4. The process of producing a sterile water white solution of invert sugar which contains an amount by weight of -hydroxymethylfurfural less than 0.2% of the hexose present, said process comprising hydrolyzing 98 to 99.9% of sucrose in an aqueous solution having a pH of 0.0 to 3.5 in the substantial absence of an oxidizing agent and at a temperature within the range of 0 to 125 C., and sterilizing by heat said solution under such conditions that the sterilized solution has a pH within the range of 2.5 to 4.9, said aqueous solution prior to hydrolysis containing not more than 30% of sucrose by weight.

5. The process of producing a sterile water white solution of invert sugar which contains an amount by weight of S-hydroxymethylfurfural less than 0.2% of the hexose present, said process comprising hydrolyzing 98 to 99.9% of sucrose in an aqueous solution with a non-oxidizing acid at a pH within the range of 0.0 to 3.0 and at a temperature within the range of 0 to 125 C., said aqueous solution being initially treated when the hydrolysis is effected at a pH above 2.3 by adding a nontoxic salt of carbonic acid until the pH of the solution is between 2.3 and 3.0, and sterilizing by heat the resulting solution under such conditions that the sterilized solution has a pH within the range of 2.5 to 4.9.

6. The process of producing a sterile water white solution of invert sugar which contains an amount by Weight of 5-hydroxymethylfurfural less than 0.2% of the hexose present, said process comprising adding sucrose to water having a pH within the range of 0.0 to 3.0, and when the pH is above 2.3, having the major portion of oxygen removed therefrom, hydrolyzing 98 to 99.9% of said sucrose in the substantial absence of an oxidizing agent and at a temperature within the range of 0 to 125 C., adjusting the pH of the hydrolyzed solution to a value such that said hydrolyzed solution after sterilization has a pH within the range of 2.5 to 4.9, and sterilizing by heat the resulting hydrolyzed solution.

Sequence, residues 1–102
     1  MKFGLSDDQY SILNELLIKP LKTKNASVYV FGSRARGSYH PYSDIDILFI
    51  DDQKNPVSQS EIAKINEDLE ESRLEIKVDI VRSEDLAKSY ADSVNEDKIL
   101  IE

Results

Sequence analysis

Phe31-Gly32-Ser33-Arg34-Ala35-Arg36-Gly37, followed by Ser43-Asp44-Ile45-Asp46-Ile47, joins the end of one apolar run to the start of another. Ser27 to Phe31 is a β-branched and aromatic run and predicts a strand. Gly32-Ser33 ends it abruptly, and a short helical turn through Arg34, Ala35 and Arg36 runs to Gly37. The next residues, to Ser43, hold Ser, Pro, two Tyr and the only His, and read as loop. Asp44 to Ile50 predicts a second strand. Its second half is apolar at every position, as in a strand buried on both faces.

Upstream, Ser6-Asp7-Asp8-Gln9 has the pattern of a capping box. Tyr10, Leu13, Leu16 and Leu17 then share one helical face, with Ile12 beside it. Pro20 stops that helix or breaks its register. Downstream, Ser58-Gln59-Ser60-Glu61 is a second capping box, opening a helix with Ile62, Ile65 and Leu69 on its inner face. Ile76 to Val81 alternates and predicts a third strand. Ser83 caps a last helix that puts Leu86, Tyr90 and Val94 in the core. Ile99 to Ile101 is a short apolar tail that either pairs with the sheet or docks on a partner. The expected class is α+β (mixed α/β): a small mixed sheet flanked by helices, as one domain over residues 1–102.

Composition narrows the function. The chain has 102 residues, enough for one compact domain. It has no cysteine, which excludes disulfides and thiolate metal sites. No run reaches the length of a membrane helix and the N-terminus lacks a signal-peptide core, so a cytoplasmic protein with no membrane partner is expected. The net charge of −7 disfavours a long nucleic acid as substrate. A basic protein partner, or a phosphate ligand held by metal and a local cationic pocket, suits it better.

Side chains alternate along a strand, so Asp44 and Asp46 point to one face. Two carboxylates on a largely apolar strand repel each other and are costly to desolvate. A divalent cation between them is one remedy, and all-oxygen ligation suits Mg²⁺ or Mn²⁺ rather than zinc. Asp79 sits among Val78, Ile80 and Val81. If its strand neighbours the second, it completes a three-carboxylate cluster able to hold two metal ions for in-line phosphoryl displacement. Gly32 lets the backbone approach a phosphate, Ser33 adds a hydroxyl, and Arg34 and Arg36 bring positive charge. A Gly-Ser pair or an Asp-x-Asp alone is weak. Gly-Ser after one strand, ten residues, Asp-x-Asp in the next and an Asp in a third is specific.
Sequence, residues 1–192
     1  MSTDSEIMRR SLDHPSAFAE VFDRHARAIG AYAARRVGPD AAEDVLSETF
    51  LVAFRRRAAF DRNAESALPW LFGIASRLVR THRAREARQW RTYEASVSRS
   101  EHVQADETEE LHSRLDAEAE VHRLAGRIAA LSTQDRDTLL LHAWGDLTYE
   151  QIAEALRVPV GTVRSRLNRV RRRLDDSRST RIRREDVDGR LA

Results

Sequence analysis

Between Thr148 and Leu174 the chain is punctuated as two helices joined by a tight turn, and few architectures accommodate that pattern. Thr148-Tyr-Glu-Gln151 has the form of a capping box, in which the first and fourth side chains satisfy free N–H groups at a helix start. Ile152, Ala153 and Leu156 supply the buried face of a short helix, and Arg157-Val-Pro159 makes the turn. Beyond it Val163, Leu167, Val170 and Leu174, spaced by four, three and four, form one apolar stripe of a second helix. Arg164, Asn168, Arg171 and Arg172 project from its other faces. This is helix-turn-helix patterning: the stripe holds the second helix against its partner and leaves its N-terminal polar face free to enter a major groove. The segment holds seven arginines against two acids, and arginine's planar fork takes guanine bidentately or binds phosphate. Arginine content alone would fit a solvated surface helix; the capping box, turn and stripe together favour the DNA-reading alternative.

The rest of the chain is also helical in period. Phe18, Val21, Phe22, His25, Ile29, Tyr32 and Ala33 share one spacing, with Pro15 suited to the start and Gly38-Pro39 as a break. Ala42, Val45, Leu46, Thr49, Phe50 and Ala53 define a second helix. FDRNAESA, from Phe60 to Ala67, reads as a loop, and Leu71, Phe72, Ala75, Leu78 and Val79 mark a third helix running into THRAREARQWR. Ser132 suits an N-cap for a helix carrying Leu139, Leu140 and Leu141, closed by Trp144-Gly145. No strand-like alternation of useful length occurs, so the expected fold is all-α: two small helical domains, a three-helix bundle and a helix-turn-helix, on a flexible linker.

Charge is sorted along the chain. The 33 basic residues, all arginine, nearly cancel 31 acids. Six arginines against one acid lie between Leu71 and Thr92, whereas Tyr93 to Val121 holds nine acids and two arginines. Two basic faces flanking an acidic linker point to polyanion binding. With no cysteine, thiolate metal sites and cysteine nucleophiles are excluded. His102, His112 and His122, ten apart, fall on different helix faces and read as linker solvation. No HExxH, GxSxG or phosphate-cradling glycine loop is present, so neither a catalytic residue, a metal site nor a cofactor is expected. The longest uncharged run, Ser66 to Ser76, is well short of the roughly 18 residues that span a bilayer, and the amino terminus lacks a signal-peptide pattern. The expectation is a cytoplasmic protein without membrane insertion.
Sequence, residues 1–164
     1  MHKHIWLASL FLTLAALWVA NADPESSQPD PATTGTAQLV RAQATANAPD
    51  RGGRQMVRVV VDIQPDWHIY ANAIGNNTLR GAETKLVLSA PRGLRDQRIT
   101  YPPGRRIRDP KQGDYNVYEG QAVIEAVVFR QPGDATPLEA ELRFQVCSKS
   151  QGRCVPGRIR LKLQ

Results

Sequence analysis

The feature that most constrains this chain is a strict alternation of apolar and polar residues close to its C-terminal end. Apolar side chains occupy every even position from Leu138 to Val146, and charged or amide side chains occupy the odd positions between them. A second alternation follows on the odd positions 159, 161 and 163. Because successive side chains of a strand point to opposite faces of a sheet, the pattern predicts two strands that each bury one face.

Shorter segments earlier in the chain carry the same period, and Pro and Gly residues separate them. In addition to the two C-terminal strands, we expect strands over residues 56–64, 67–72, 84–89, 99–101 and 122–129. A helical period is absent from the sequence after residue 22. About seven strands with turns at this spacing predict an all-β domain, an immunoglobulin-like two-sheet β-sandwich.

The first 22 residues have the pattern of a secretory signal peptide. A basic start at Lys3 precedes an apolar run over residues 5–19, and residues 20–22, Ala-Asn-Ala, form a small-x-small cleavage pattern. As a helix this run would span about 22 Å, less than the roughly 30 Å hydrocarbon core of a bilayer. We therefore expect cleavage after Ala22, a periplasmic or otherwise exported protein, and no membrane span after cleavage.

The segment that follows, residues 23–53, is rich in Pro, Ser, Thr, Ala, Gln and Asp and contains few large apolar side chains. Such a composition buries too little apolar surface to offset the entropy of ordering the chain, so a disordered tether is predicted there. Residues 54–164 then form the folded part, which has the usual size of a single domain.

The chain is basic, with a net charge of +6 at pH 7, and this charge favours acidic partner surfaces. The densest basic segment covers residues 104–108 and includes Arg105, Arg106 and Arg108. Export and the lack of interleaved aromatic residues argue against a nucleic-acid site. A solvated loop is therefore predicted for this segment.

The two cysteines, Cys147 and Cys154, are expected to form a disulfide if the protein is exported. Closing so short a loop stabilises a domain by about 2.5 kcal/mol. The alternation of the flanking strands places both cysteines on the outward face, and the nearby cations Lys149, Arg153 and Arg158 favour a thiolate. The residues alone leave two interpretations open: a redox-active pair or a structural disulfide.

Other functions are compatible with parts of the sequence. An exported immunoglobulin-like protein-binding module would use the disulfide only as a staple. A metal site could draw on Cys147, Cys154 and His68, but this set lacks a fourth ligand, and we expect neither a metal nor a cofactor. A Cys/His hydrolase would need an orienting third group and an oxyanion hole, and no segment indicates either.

7. The process of producing a water white solution of invert sugar in accordance with claim 6, in which the nonoxidizing acid is hydrochloric acid.

8. The process of producing a sterile water white solution of invert sugar which contains an amount by weight of 5-hydroxymethylfurfural less than 0.2% of the hexose present, said process comprising adjusting the pH of water to within the range of 2.3 to 3.0 with hydrochloric acid, adding suflicient sodium bicarbonate to remove a major portion of the oxygen from said water and maintaining the pH at not greater than 3.0, adding sucrose to the resulting solution, hydrolyzing 98 to 99.9% of said sucrose at a temperature within the range of 0 to 125 C., adjusting the pH of the hydrolyzed solution to a value such that said hydrolyzed solution after sterilization has a pH within the range of 2.5 to 4.9, and sterilizing by heat the resulting adjusted hydrolyzed solution.

9. The process of producing a sterile water white solution of invert sugar which contains an amount by weight of 5-hydroxymethylfurfural less than 0.2% of the hexosc present. said process comprising adjusting the pH of water to about 2.3 with hydrochloric acid, adding sufficient sodium bicarbonate to increase the pH to about 2.4, bringing the resulting adjusted solution to a boil at atmospheric pressure, adding sufficient sucrose to produce an aqueous solution of about sucrose, boiling the resulting solution for a period of 30 to minutes to hydrolyze 98 to 99.9% of the sucrose, adjusting the pH of the solution of invert sugar to about 4.3 with sodium bicarbonate, diluting the adjusted solution with water to a content of about 10% of invert sugar, filling the diluted solution into containers and sterilizing by heat the diluted solution in said containers.